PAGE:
• extending the application of key crowd management provisions in the MSE Act to the Docklands Stadium Concourse, the absence of which has previously led to inconsistencies in crowd management between areas inside and areas immediately outside the stadium
  • including key Spring Racing Carnival events, Melbourne Cup and Caulfield Cup, to the list of major events covered by the crowd management provisions in the MSE Act
  • extending the existing aerial advertising provisions in the MSE Act to apply to international one day and Twenty20 cricket matches held at the MCG and the AFL's ANZAC day match.

New Offences for Scalping Small Numbers of Tickets

Ticket scalping offences under the MSE Act have also been extended with the inclusion of two new scalping offences targeted at the illegal sale of a small number of tickets for events that are covered by an approved ticket scheme under the Act.

As a result, ticket scalpers caught selling, advertising or offering for resale five tickets or less to an event for a price that is above face value will now face a fine of AUD4,225.50.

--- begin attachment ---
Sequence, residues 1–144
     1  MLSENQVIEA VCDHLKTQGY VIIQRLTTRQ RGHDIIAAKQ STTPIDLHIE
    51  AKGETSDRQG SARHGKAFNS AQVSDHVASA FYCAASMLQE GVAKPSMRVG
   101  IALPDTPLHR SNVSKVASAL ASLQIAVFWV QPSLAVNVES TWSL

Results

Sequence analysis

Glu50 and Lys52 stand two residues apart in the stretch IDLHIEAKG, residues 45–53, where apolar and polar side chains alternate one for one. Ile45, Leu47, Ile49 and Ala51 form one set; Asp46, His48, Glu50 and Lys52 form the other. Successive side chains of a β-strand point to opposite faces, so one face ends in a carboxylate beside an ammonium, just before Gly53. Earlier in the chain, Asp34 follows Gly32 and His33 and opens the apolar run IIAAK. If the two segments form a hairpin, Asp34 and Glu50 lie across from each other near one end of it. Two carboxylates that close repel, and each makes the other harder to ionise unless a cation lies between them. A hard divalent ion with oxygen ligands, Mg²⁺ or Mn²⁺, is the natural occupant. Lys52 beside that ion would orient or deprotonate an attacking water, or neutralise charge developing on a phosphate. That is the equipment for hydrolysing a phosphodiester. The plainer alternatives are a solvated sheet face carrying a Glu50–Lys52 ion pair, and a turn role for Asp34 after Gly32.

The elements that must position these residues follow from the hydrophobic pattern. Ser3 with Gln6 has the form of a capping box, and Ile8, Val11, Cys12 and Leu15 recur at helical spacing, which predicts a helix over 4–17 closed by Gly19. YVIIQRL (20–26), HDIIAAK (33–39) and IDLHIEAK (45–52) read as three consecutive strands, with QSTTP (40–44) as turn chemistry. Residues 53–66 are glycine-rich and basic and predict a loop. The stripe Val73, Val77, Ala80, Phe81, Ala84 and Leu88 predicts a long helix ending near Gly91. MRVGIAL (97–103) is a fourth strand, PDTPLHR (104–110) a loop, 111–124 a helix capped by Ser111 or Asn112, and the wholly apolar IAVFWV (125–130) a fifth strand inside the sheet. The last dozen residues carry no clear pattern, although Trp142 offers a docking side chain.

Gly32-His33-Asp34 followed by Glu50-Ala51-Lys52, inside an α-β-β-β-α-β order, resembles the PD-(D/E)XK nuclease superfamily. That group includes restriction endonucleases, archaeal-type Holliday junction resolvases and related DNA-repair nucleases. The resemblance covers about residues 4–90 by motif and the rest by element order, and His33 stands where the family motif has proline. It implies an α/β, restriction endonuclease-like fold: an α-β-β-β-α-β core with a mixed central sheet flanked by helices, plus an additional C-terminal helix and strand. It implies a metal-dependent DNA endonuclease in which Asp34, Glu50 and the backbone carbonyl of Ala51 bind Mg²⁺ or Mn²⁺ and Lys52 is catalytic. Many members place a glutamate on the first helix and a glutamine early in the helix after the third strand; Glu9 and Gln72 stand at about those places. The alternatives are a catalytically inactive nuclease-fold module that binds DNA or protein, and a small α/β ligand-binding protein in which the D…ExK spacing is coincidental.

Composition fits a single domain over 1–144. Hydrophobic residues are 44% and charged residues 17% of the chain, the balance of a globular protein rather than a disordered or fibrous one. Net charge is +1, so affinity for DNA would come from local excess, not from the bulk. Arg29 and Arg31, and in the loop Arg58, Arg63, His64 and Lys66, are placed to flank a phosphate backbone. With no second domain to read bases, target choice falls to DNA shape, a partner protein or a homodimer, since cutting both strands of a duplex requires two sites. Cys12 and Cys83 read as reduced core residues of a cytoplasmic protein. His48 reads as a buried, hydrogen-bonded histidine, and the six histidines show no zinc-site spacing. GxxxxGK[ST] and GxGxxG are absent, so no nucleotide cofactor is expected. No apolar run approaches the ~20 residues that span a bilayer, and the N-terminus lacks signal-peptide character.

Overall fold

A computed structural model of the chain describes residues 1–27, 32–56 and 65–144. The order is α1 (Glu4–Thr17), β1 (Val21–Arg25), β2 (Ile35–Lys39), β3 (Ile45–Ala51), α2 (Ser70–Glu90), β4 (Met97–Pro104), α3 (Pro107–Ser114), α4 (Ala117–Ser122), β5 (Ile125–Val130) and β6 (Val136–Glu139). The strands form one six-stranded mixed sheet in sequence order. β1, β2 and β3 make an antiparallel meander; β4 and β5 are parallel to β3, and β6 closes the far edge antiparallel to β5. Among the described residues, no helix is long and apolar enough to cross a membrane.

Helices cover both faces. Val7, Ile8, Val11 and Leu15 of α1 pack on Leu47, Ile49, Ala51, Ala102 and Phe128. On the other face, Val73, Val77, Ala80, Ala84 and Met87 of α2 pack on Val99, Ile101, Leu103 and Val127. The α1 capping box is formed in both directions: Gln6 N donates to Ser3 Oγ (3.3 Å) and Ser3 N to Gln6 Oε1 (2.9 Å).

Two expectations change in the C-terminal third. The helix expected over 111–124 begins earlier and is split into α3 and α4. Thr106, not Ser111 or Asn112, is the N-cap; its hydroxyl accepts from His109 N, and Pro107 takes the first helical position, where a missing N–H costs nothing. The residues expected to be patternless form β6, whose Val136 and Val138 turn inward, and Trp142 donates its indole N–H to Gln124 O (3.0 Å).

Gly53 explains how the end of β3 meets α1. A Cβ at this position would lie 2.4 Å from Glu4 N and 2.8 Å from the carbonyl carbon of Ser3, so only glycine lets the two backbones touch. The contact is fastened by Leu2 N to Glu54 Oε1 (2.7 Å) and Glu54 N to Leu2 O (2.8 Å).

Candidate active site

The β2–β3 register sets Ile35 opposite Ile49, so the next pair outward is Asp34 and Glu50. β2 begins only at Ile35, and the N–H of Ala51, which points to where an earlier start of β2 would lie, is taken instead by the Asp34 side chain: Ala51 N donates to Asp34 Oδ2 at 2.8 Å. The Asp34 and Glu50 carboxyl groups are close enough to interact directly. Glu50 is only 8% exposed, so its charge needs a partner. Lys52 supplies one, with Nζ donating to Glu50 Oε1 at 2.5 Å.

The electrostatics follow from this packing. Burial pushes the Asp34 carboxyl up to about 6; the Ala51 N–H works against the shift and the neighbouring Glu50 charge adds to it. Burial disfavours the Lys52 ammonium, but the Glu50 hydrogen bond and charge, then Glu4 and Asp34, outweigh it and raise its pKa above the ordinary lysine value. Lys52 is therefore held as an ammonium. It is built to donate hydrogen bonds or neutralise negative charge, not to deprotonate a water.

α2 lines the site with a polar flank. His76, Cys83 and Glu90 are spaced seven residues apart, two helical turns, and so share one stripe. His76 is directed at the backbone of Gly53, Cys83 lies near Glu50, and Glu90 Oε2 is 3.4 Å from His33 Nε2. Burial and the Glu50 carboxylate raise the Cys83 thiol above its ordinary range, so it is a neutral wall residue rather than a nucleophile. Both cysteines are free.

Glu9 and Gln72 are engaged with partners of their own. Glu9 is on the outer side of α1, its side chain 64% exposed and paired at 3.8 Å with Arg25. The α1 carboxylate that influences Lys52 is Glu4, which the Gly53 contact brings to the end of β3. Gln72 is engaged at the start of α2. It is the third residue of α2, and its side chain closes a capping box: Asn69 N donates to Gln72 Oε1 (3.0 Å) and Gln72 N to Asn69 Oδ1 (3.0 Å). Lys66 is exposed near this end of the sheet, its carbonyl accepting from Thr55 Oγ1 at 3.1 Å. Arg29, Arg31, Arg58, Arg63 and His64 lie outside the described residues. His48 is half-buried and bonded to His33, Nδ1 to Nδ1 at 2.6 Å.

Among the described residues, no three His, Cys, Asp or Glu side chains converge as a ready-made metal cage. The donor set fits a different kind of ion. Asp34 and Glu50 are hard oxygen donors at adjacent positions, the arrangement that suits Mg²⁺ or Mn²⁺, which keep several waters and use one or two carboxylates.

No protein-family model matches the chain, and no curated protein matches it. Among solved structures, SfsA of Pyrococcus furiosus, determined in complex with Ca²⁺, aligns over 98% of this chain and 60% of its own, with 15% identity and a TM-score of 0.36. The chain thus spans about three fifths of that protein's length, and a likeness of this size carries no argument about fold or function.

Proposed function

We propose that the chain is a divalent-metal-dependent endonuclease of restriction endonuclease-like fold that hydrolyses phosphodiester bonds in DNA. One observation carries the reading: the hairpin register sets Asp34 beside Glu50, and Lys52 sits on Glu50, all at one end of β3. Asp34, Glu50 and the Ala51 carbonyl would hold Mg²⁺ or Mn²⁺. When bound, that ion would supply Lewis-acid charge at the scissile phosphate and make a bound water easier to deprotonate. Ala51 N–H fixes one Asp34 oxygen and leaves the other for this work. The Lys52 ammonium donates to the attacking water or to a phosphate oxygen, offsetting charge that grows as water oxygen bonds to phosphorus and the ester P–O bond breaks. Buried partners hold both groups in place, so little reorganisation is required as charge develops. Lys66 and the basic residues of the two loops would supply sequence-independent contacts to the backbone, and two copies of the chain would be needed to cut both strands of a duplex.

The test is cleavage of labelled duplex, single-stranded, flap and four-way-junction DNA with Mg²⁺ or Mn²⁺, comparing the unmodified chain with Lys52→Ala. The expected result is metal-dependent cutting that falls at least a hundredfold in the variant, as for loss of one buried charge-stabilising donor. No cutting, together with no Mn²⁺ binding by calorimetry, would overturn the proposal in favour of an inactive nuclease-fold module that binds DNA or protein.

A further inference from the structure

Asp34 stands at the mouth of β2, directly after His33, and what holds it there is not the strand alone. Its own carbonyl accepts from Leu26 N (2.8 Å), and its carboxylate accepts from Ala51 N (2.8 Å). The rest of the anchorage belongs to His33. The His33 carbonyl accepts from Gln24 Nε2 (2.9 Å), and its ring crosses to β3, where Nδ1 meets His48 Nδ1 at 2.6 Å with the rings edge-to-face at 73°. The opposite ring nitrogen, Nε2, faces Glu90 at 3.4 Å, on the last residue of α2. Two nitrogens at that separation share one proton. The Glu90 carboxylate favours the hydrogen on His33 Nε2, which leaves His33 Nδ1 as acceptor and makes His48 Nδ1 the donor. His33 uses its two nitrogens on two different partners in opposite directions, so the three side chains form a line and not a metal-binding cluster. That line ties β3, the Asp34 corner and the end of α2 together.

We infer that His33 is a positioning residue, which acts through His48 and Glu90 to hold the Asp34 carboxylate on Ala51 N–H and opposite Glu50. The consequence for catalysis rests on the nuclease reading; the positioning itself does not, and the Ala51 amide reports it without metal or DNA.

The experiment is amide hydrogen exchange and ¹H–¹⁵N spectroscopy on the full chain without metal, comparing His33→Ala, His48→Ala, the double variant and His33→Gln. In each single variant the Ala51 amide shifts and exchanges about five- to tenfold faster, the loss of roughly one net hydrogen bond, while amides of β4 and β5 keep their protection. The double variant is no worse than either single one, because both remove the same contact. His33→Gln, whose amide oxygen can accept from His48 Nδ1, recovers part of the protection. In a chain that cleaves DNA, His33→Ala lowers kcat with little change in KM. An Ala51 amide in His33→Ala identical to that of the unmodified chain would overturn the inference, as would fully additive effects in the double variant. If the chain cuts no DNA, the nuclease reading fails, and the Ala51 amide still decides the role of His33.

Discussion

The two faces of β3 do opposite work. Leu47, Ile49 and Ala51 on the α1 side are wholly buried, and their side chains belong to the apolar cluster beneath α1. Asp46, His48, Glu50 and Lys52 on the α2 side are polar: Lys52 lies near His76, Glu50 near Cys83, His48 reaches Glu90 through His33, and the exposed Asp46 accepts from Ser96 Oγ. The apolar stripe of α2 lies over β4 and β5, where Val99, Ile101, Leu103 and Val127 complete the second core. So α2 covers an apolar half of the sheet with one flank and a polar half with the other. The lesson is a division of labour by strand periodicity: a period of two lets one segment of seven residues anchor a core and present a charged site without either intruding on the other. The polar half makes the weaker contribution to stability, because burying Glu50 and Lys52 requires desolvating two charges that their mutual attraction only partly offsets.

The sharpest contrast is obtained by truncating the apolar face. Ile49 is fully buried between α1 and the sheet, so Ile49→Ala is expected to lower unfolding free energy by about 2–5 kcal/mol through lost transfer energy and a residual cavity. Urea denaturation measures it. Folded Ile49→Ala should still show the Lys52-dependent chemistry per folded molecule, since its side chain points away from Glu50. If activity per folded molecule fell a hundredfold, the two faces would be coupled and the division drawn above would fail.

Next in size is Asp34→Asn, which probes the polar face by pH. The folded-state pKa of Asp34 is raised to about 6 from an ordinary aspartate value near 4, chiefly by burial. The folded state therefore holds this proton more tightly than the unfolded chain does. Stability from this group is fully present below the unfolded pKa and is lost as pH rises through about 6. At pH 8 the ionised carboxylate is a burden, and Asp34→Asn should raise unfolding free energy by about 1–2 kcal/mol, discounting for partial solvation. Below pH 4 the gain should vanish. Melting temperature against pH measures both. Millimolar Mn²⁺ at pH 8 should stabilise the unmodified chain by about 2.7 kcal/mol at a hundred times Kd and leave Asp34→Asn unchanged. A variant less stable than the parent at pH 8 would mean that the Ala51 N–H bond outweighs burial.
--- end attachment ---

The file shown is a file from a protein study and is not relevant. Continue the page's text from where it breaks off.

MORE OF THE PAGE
Anyone caught selling more than five tickets are already subject to existing anti-scalping provisions in the MSE Act, which provide for higher fines of AUD8,450.40 for an individual and AUD42,252.00 for a body corporate. If that person, or body corporate, commits multiple ticket scalping offences under the MSE Act, the maximum fine payable may increase by a multiple of 10.

Police officers have also been granted authority to issue on-the-spot fines, seize tickets from scalpers and ask a person who has bought, is buying or is about to buy a ticket from a scalper to temporarily surrender the ticket to enable details of the ticket to be recorded for evidentiary purposes. The ticket must then be returned to the purchaser as it is not an offence to purchase a ticket from a scalper under the MSE Act.

The content of this article is intended to provide a general guide to the subject matter. Specialist advice should be sought about your specific circumstances.